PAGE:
Fewer Canadians think their actions will help the planet

Mintel's survey also found a dip in how much consumers want to hear about greenwashed efforts.


Canadians are less optimistic than they were last year about whether their behaviours can make a difference to the environment, which comes alongside more skepticism about “greenwashing” from brands.

That’s according to the 2022 edition of Mintel’s Sustainability Barometer polled 16,000 consumers online in April, spanning 16 countries, including Canada.

When compared to the 2021 edition of the survey, Canadians had the biggest slump when it comes to whether their behaviour can make a positive difference to the environment: an 8 point drop-off from 65% who agreed in 2021 to 57% in 2022. This topped diminishing U.K. sentiment, which slumped 5 points over the same period.

Also, 55% of Canadian consumers agreed that, if we act now, we still have time to save the planet, compared with 63% in 2021.

While this may suggest a shift away from sustainability being a key factor in consumers minds, it is more likely the result of growing consumer education and awareness of the impact their own actions have on the environment, and a desire to see bigger polluters – namely, large corporations and industries – carry a more appropriate amount of the weight of climate change.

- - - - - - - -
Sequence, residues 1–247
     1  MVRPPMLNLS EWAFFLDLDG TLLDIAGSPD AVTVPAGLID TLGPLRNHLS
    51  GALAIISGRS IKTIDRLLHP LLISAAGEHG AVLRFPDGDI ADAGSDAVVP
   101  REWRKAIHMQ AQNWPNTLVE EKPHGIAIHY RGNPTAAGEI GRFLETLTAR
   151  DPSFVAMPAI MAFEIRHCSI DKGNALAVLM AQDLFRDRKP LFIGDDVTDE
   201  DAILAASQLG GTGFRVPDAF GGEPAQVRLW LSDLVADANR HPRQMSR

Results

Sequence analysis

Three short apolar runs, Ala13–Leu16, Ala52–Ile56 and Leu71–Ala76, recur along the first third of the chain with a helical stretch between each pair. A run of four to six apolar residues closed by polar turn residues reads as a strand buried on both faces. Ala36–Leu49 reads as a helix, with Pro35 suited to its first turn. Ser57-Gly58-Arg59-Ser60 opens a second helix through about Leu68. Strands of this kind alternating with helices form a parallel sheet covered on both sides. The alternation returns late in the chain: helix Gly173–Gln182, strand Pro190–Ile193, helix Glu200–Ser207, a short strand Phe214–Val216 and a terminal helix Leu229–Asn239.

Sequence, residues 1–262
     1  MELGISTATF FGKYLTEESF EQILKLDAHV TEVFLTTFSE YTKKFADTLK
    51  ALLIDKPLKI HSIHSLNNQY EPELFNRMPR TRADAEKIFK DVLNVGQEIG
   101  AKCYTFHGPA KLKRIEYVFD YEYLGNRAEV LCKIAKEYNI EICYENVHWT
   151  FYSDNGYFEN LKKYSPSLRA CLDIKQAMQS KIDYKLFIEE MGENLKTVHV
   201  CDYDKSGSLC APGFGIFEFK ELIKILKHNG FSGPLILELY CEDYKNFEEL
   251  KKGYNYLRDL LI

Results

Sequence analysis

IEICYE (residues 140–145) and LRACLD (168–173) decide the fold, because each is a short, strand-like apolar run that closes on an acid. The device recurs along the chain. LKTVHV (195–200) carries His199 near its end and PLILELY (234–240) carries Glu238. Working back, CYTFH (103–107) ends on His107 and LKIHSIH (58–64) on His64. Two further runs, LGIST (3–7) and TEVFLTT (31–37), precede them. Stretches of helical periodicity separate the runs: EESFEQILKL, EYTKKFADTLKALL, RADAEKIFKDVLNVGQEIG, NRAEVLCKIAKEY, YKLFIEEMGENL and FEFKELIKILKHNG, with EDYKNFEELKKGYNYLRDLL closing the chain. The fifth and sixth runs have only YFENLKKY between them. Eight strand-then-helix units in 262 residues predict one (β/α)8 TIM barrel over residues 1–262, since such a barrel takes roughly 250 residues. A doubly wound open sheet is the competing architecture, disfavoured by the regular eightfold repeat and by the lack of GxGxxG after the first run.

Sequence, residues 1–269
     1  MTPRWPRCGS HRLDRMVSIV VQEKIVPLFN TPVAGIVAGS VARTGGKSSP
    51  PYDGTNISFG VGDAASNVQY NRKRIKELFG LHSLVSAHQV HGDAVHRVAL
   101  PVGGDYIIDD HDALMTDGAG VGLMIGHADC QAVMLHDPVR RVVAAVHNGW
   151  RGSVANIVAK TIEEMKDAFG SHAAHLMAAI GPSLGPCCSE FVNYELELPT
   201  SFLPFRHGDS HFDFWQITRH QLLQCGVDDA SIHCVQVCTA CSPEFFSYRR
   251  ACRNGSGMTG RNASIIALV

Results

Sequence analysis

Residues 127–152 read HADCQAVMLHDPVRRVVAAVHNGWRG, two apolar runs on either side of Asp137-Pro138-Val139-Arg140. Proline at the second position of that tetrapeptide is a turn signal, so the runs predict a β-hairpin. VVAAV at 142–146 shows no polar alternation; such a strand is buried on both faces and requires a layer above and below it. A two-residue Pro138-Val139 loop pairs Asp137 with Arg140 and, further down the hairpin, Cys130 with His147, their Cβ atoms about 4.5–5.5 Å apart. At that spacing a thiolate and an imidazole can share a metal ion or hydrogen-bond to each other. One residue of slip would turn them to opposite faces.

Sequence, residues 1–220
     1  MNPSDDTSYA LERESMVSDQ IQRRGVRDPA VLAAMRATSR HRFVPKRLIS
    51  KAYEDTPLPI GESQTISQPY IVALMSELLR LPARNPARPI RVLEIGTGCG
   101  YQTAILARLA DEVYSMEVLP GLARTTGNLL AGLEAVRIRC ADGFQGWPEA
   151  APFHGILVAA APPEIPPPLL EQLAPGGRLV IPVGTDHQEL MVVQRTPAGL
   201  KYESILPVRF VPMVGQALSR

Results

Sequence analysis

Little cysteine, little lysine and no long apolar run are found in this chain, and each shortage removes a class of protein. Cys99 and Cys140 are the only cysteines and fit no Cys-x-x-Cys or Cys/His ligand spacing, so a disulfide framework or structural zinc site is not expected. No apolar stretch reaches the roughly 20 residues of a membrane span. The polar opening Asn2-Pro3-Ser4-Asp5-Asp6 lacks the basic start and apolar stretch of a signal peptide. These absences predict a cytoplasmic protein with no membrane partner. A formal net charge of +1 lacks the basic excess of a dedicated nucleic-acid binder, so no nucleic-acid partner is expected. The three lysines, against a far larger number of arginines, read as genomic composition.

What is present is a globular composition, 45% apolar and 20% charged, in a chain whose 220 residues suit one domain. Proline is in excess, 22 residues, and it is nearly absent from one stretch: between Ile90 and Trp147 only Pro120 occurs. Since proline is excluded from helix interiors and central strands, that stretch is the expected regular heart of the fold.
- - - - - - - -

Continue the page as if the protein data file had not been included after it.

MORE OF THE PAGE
Year-over-year, there is diminished appetite for brands touting their green bona fides, such as B Corp status (down 6%), carbon emissions (down 7%), talking about the environmental impact of a purchase (down 7%) and “product labelling and/or advertising measuring impact with quantities I can understand” (down 8%).

Again, this is not a result of sustainability being less of a priority; rather, it’s because more educated consumers are able to, as Mintel describes, “sniff out” greenwashing campaigns.

Mintel also devised an “Engagement Score” based on consumers’ sense of impact, belief in their country contributing to climate change and political attitudes. An additional “Action Score” is based on select sustainable behaviours over the past year with deductions made for things like eating meat regularly or taking two or more flights in the past year.

Canada was in the middle of the pack, scoring 47% in Engagement and 21% in Action Score. For Engagement and Action, only five countries out of 16 scored lower than Canada for both.

The Mintel data reveals that the proportion of consumers classified as carnivores (eating meat “at most meals/on most days”) fell five percentage points in the past 12 months. However, Brazil, Canada, Australia and France remained predominately carnivorous, with over 40% of their populations in this bracket.